Australian Zooplankton Biomass Database

85 years of quality-checked marine zooplankton biomass records from Australian waters
Australian Zooplankton Biomass Database

We have collated almost 50,000 records of marine zooplankton biomass from around Australia, dating back to the 1930s. Zooplankton are the animal component of the plankton and are the primary link between phytoplankton and higher trophic levels. Biomass is the most common metric used to measure the entire zooplankton community. Data have been standardized and all available metadata included. To enable comparisons, this dataset includes a conversion of the biomass into carbon values using the standard units of µg Carbon per litre.

Zooplankton biomass sampling locations around Australia from 39 data sources

The Australian Zooplankton Biomass Database is focused on the meso- and macro-zooplankton component (i.e. larger than 0.2 mm in size) traditionally sampled by devices that filter the plankton from the water directly at sea: towed nets (e.g. bongo nets and ring nets) and towed samplers (e.g. Continuous Plankton Recorder (CPR)). The dataset also includes estimated zooplankton biomass from optical devices such as the Optical Plankton Counter (OPC) and the Laser Optical Plankton Counter (LOPC).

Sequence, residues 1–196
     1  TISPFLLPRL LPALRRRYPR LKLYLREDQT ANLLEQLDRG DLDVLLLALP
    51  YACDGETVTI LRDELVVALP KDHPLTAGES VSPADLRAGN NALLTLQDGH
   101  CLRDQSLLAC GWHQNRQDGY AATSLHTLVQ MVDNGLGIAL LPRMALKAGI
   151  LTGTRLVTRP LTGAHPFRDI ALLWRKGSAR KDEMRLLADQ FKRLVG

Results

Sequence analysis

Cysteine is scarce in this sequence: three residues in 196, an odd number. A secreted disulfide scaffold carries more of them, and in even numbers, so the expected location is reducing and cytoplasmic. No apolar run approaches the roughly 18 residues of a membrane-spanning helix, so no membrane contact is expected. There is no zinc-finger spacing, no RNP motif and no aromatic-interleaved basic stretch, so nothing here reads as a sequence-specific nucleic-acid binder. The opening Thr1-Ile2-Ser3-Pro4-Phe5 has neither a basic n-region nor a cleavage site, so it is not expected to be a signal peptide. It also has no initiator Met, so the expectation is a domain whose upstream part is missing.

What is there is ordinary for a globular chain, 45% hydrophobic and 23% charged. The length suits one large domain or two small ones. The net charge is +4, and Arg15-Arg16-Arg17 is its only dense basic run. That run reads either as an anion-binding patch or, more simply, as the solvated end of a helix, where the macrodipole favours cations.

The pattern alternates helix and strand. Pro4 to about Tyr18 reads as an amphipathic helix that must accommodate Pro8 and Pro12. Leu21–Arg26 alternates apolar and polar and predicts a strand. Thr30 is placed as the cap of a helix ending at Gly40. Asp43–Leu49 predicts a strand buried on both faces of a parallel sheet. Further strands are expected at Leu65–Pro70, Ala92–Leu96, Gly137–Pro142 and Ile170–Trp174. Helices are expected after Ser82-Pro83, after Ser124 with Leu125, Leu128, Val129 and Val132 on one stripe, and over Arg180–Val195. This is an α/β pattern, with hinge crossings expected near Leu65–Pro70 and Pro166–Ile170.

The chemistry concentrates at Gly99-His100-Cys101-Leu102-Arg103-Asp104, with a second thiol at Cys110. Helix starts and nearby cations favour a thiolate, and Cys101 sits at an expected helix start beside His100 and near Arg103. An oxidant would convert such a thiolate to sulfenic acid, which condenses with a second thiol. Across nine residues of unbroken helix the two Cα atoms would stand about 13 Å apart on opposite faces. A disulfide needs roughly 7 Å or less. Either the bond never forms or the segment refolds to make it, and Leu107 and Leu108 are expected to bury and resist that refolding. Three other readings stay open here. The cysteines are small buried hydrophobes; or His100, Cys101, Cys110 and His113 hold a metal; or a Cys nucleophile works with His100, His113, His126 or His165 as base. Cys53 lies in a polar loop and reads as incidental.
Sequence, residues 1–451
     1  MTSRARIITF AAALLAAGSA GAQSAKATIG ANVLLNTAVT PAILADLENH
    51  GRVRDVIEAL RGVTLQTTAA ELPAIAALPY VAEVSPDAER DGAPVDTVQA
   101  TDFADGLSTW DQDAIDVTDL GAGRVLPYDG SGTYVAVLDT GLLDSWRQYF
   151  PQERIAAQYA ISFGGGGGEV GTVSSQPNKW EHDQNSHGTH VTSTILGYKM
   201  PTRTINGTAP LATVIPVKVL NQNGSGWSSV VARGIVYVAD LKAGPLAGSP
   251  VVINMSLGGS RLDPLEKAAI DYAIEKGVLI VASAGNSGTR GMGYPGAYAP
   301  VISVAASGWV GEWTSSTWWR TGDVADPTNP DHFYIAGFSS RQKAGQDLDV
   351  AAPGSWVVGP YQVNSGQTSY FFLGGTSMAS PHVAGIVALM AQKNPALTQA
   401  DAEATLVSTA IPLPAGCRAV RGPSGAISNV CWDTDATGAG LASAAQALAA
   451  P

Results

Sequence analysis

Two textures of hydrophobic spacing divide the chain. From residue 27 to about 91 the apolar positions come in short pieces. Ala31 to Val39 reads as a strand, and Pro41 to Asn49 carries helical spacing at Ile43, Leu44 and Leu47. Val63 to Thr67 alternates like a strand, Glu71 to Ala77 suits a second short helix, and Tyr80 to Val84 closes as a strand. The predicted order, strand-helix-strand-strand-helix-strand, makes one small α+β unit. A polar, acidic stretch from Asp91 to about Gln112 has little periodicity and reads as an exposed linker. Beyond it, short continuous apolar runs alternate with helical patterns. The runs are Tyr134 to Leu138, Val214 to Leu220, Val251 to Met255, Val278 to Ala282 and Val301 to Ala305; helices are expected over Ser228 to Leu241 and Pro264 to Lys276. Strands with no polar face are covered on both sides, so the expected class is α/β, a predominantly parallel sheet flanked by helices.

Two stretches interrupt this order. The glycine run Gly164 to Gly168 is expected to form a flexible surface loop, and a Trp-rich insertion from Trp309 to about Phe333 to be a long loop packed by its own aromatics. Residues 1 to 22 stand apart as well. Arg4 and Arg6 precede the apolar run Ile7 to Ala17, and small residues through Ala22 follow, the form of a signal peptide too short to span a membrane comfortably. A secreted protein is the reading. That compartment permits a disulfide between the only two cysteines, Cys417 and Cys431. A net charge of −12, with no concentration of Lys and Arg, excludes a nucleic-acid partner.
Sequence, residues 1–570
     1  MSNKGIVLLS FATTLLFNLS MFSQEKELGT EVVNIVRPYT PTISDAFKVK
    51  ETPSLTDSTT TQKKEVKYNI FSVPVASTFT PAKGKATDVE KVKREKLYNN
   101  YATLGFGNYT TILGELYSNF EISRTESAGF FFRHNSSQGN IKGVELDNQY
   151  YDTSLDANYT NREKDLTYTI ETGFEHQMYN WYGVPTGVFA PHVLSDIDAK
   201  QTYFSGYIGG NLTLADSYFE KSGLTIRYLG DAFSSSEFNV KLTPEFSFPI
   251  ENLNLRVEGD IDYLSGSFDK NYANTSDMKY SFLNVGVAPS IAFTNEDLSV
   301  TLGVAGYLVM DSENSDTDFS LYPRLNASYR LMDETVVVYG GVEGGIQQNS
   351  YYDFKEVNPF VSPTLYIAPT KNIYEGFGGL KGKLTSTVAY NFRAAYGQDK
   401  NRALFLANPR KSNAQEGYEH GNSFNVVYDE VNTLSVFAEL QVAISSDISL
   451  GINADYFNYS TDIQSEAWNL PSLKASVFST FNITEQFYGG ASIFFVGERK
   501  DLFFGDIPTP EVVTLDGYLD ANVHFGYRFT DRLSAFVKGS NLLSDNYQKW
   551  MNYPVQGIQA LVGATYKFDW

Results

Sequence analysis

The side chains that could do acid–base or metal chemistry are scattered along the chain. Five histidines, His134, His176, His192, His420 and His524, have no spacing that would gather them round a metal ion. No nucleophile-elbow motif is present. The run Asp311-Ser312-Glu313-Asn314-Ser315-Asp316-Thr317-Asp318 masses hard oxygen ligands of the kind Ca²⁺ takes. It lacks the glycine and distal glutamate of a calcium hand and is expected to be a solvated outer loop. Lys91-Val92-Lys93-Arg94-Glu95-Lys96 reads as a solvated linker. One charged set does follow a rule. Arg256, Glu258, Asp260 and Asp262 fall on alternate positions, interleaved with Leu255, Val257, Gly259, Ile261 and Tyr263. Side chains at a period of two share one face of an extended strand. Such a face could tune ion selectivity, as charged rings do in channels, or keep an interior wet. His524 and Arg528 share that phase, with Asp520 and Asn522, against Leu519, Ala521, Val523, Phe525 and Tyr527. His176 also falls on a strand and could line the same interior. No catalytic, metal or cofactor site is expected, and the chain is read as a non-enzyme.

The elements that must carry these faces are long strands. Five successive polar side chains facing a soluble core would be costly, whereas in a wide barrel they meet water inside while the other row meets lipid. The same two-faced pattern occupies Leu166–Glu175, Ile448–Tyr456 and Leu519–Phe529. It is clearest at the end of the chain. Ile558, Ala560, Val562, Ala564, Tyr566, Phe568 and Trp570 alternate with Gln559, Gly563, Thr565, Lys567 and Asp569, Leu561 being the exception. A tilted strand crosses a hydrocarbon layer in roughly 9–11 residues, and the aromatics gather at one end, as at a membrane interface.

The Australian Zooplankton Biomass Database follows on from a series of datasets collated for the Australian marine region led by CSIRO authors and using data from the Australian Integrated Marine Observing System (IMOS) for zooplankton composition and abundance, phytoplankton composition and abundance and chlorophyll a, made freely available through the IMOS Australian Ocean Data Network (AODN) portal.

The Australian Zooplankton Biomass Database can be found on the AODN portal here:

The Australian Zooplankton Biomass Database will be valuable in many ways including: developing maps of zooplankton biomass; determining changes in zooplankton biomass over time and space; global change studies; and to initialise and assess biogeochemical and ecosystem models.

Our paper in Nature Scientific Data is available here:

[Compilation photo credits:  LOPC and OPC images copyright Jason Everett & Iain Suthers UNSW/UQ, remainder of images copyright CSIRO ]

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